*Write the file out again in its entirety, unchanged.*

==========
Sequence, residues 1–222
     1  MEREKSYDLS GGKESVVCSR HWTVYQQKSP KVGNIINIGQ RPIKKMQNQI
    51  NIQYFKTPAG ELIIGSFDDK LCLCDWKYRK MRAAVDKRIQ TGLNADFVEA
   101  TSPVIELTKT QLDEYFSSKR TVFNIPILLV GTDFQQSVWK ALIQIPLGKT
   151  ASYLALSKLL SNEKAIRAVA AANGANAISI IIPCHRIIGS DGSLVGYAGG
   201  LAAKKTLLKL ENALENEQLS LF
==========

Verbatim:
Sequence, residues 1–222
     1  MEREKSYDLS GGKESVVCSR HWTVYQQKSP KVGNIINIGQ RPIKKMQNQI
    51  NIQYFKTPAG ELIIGSFDDK LCLCDWKYRK MRAAVDKRIQ TGLNADFVEA
   101  TSPVIELTKT QLDEYFSSKR TVFNIPILLV GTDFQQSVWK ALIQIPLGKT
   151  ASYLALSKLL SNEKAIRAVA AANGANAISI IIPCHRIIGS DGSLVGYAGG
   201  LAAKKTLLKL ENALENEQLS LF